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My friend Lilya

anyalilyasm“… An’  I am in Texas until the 13th, call me…what’s up?”

It was a message from Lilya Zilberstein, who is currently teaching and performing at Texas Christian University International Piano Academy and Festival in Fort Worth.

In 1984, I became a student of piano performance and pedagogy at the prestigious Gnessin’s State Musical College in Moscow, It was an exciting time to be there because we were among the best pianists in the country. All of us were trying to break into the larger performing arts world. We practiced 4-6 hours a day and, of course, partied like you would expect kids in our early twenties to do.

A few years later, I ran into Lilya Zilberstein in the cafeteria. She was a freshmen, a modest girl with a long dark braid and a friendly smile. She was 22 at the time, and the best of the best at the school.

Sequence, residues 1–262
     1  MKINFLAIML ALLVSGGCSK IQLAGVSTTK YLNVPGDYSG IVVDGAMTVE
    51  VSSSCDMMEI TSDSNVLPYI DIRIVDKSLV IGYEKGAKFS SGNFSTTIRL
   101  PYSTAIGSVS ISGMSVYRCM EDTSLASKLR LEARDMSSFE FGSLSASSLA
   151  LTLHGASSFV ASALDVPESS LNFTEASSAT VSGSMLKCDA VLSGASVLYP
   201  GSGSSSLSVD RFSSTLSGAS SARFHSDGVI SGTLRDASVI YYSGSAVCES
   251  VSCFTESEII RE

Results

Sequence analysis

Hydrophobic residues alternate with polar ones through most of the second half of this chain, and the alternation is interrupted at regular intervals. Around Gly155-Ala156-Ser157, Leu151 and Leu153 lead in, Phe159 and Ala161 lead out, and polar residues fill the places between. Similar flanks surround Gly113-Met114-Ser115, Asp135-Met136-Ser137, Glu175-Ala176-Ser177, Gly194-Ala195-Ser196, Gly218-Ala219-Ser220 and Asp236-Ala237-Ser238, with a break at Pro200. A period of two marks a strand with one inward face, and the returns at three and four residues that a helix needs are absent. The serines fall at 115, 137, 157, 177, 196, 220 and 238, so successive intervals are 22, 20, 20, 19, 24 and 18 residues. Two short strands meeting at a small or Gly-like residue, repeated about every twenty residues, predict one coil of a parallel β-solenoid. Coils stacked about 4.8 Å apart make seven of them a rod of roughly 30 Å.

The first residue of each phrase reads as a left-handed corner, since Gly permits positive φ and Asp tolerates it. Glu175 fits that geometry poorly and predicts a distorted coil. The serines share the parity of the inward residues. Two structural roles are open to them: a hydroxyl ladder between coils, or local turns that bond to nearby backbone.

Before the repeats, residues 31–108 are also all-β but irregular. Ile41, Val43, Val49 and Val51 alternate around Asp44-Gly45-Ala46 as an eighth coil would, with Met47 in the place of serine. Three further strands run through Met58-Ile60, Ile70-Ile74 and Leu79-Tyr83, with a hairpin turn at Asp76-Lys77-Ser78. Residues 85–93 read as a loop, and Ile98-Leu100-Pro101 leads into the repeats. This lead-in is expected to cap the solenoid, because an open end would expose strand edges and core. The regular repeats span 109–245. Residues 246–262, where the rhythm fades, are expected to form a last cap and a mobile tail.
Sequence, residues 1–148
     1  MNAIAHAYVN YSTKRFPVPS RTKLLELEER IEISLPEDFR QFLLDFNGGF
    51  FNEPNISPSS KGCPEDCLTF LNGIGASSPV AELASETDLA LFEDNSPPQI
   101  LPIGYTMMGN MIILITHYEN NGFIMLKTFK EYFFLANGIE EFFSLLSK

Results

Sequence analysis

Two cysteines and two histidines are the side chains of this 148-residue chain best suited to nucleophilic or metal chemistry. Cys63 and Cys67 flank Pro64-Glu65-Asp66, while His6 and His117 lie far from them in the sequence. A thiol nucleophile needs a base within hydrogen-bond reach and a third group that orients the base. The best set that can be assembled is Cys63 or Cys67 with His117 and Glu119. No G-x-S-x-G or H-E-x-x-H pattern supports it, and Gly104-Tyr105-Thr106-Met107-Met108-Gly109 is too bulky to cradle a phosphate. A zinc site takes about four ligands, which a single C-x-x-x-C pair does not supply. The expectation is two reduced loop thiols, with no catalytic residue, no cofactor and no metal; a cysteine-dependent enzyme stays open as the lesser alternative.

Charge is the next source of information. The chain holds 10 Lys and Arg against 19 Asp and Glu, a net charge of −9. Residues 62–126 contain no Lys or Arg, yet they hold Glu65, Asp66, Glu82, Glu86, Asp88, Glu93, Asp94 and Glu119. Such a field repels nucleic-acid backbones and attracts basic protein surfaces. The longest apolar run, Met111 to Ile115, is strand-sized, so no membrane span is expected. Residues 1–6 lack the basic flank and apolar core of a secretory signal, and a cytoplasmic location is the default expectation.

She was practicing for the Ferruccio Busoni International Piano Competition, one of the most prestigious competitions for pianists from all over the world. Its program lasts 3 hours, playing the most difficult pieces, all memorized, as well as a piano concerto with the orchestra. After a preliminary audition process, competitors play 3 rounds. After each round, a big group of players will go home, and a few will advance.

anyalilyasmIn 1987, Russia was still part of the Soviet Union, so it was difficult to attend such a competition in the West. The country was closed for Russians to go abroad on any sort of business unless the government granted an exit visa.

To secure this exit visa, participants from Russia had to be selected through an audition process at their own Universities and Conservatories, then they competed again for a special jury at the National level. Only after winning that national competition were they allowed to attend and compete with other pianists from all over the world. Russia would send no more than 2-4 people to play at the largest competitions (out 30-40 the best players from all over the country).

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